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Expense Ratios Of Your Investments

50%+ of US investors are invested in actively managed mutual funds with high expense ratios.

The average expense ratios for these mutual funds is 0.65% (65 basis points).

Index funds are passive mutual funds and have average expense ratios closer to 0.11%.

I wrote this post to briefly explain what index funds are and how they work.

This post compares index funds to mutual funds.


Expense Ratios 0.65% vs 0.11%

0.65% may not seem that much higher than 0.11% but for healthcare professionals we are talking about investing several hundred thousand dollars, if not millions, over our lifetime.

Expense ratios are charged on investments annually.

You can use the calculator on begin-to-invest to give you an idea of how much money you’d be missing out on by investing in a mutual fund versus an index fund.

Of course, your mutual fund might outperform the index fund which could more than make up for the expense ratio difference.

Example: If I start out with $100k and invest $50k for the next 30 years then the portfolio with an expense ratio of 0.11% will be ahead of the portfolio with a 0.65% expense ratio by as much as $427,000. Yes, you read that right. And yes, the math is right.


Calculating Overall Expense Ratio

What’s the average expense ratio of your portfolio?

Let’s say you have 3 funds: VTIAX, VTSAX, VBTLX.

They have the following expense ratios: 0.11%, 0.04%, 0.05%.

Depending on how much money you hold in each specific fund, you add up all the weighted expense ratios and you’d come up with the overall expense ratio.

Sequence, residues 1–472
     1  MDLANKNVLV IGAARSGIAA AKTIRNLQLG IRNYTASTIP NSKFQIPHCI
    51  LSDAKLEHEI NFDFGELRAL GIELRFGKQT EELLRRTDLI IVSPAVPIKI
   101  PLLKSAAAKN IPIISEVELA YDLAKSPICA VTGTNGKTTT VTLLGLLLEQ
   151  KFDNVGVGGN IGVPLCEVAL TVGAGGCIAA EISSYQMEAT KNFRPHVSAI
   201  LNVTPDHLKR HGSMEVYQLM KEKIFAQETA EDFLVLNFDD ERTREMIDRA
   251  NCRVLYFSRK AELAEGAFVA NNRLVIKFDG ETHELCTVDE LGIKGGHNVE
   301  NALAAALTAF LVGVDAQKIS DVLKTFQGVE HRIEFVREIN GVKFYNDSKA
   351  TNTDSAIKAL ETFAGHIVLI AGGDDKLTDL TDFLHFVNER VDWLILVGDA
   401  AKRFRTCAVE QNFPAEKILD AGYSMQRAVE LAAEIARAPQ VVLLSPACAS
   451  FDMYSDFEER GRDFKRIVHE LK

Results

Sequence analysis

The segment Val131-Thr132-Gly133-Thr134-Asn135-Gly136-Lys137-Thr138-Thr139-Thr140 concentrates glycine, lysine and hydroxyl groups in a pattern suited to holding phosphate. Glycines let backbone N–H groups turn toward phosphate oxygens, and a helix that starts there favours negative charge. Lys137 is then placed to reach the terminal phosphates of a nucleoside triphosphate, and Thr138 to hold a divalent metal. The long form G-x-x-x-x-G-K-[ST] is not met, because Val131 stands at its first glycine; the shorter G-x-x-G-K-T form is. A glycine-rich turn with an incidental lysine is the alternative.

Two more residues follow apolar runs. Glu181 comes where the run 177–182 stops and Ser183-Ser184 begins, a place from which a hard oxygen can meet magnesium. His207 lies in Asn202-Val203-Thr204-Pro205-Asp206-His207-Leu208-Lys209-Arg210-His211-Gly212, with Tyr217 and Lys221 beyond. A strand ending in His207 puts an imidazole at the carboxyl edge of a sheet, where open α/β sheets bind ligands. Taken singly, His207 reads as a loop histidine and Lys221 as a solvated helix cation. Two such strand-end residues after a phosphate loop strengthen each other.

Example: If your investment breaks down as I have laid out below then you’ll have a total of $100,000 invested:

  • $20,000 in VTIAX (20% of portfolio) (ER=0.11%)
  • $40,000 in VTSAX (40% of portfolio) (ER=0.04%)
  • $40,000 in VBTLX (40% of portfolio) (ER=0.05%)

The weighted expense ratio then becomes the following based on how much you have invested in each fund:

  • VTIAX (Weighted ER=0.022%) (=20%*0.11%)
  • VTSAX (Weighted ER=0.016%)
  • VBTLX (Weighted ER=0.02%)

Adding the above up we would get an overall expense ratio for the entire portfolio of 0.058%.


Are Expense Ratios Avoidable?

You can avoid expense ratios by investing in individual stocks and bonds. You only pay a single brokerage fee to buy the fund and one to sell it. And you’d pay taxes on any gains from the sale.

What’s The Ideal Expense Ratio?

There is no perfect answer to this. Except to say that you should only pay a higher expense ratio for a fund if you know for fairly certain that the particular fund will earn you a higher return.

The second point I’ll make is that if the majority of investors are in the 0.68% expense ratio range and you can have your portfolio at far less than that then you’ll have more wealth which means more buying power.

Do Higher Expense Ratios Mean A Higher Return?

Actually, studies have shown that the higher the expense ratios, the lower your investment returns. Think about that for a minute because that’s sort of shocking.

The only reason you would be willing to pay higher expense ratios is in hopes of higher investment returns.

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